This Is Your Obama “Recovery”: Welcome To 2013, Same As 2012/2011/2010…

The BLS numbers for January came out last Friday.  And they showed what pretty much everyone expected them to show after the holiday and the election wore off; the economy still sucks.

The headline story is that unemployment crept up again, to 7.9%, after dropping (putatively) to 7.7% in November.

But in my book the real story is this; even with the top-line unemployment number under 8%, the work force participation rate is stuck at 63.6%, right where it’s been for three months after blipping above and below that figure for most of the past year.

Which means when you take the 7.9% unemployment rate out of that low labor force participation rate, you get 58.58% of the workforce actually working.

That compares to: 60.58% – exactly two points higher – when Obama took office (with an unemployment rate of 7.8%).  That translates to six million fewer people working in the labor force now, even with an unemployment rate that’s supposedly nearly the same.  Or to  58.50% in October 2009, when unemployment peaked at 10%.

That’s right; even with the unemployment rate supposedly two points lower than the recessions nadir, the actual portion of the population working is nearly unchanged.

And to show how in-set this recession is?  Here’s a list of

As you can see, the average of monthly employment rates (after taking the unemployed out of the participating labor force) is lower than it was when the recession supposedly bottomed out.

This isn’t a recovery.  This is an extended coma, with neither improvement nor much deterioration beyond the already awful state we’re already in.

And for 53% of the American people, it was apparently just good enough.

8 thoughts on “This Is Your Obama “Recovery”: Welcome To 2013, Same As 2012/2011/2010…

  1. “And now the rest of the story”
    Paul Harvey…

    The headline number for the employment report was a little below expectations, but the upward revisions to previous months more than offset the disappointment. November was revised up from +161,000 to +247,000 jobs added, and December was revised up from +155,000 to +196,000. Over the last 3 months, the economy has averaged 200,000 jobs per month – and that was above expectations.

    For manufacturing, the ISM index was solidly above expectations, and the underlying details were also positive. As an example, the new orders index was at 53.3%, up from 49.7% in December (above 50 is expansion). This was much better than the regional surveys indicated.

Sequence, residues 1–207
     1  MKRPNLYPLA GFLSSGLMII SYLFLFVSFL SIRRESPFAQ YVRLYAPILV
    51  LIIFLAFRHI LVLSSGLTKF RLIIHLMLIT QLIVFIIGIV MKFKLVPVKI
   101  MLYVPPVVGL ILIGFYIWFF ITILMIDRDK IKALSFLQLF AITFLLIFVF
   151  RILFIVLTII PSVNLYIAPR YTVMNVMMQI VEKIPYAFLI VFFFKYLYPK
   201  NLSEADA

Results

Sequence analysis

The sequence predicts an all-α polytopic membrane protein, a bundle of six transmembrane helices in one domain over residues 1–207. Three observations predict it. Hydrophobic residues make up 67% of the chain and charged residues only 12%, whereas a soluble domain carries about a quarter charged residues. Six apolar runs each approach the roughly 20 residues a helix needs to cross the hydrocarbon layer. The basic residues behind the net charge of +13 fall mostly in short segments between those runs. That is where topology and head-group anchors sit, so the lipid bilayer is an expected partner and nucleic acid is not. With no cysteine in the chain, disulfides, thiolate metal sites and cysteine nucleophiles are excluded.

The change in total nonfarm payroll employment for November was revised from +161,000 to +247,000, and the change for December was revised from +155,000 to +196,000

    [Benchmark revision:] The total nonfarm employment level for March 2012 was revised upward by 422,000 (424,000 on a not seasonally adjusted basis).

    The private sector has done a remarkable job of maintaining its composure even while all around it, politicians are losing theirs. Hopefully that pattern will persist for the remainder of the year.

  2. The reason that the economy is in a persistent vegetative state is because the president has no economic plan. It’s not keyensian economics, it’s not classical free-market economics. It’s robbing the treasury to funnel money to favored industries and constituencies, without regard to economic growth.
    If it looks like it’s not meant to grow the economy, that’s because it’s not meant to grow the economy.

  3. I just want to note that the plunge in workforce participation–and the recession–started when the gavels were presented to Pelosi and Reid in 2007.

  4. The Baby Boomers start retiring en masse around 2015 or so at which time the labor force participation rate will improve although there will be fewer people actually working. Look for Candidate Hillary to trumpet President Obama’s success as proof the Republicans can’t be trusted with the economy.

  5. One good indicator of labor market improvement would be if we saw payroll employment increase by 200,000 each month for a number of months. We’ve been averaging about 150,000, but it’s been very uneven.

    Turns out the average was a lot higher than the Fed thought. Could that signify we are closer to an end to quantitative easing than we thought?

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